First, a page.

Wieland has visited many, though not all, of the novel’s locations. “I’m that clichéd writer who loves Paris, finds great inspiration there, and is moved to tears every time I go,” she says. Unlike both Bishop’s and de Chambrun’s experiences of France, Wieland’s is shaped in part by her closeness to her daughter. Seeing Paris first when she was pregnant, Wieland visited the city again when her daughter, who is now 19, was one, four, and 15. “I’ve spent a lot of time there in the company of this person I completely adore, which makes Paris even more meaningful and alive for me.”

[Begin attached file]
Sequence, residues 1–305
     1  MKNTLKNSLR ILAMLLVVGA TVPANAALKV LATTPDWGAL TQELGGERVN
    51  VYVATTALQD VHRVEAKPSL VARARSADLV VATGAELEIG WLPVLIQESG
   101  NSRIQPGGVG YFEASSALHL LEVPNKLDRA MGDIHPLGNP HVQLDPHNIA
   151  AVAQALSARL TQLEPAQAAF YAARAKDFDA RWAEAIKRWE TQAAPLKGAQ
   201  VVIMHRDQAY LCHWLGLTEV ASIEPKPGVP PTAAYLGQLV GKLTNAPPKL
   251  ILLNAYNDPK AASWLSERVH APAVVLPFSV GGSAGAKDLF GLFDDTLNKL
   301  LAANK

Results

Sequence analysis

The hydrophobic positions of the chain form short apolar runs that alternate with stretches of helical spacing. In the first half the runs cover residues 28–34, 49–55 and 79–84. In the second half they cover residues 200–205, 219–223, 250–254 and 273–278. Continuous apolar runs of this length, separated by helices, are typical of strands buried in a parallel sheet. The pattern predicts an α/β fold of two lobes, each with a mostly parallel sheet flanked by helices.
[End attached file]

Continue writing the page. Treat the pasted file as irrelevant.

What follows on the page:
Bishop was a famously private person who eschewed the confessional mode popular among poets when she was in her prime and beyond. Wieland handles issues that Bishop hid from the public—including her homosexuality and alcoholism—circumspectly, neither flaunting nor avoiding them; it’s clear, reading the novel, that the author has not just respect but affection for Bishop’s natural reticence.
Before we close, I ask Wieland what it was like to write fiction about someone so little given to public discussion of her life. “What would she make of this book? Would she feel violated?” Wieland asks rhetorically. “She can’t answer that, and the only answer I can give inevitably sounds self-serving, even a little egotistical: I hope she would feel that she were in good hands.”
Suzanne Fox is a writer, speaker, and freelance editor in North Carolina.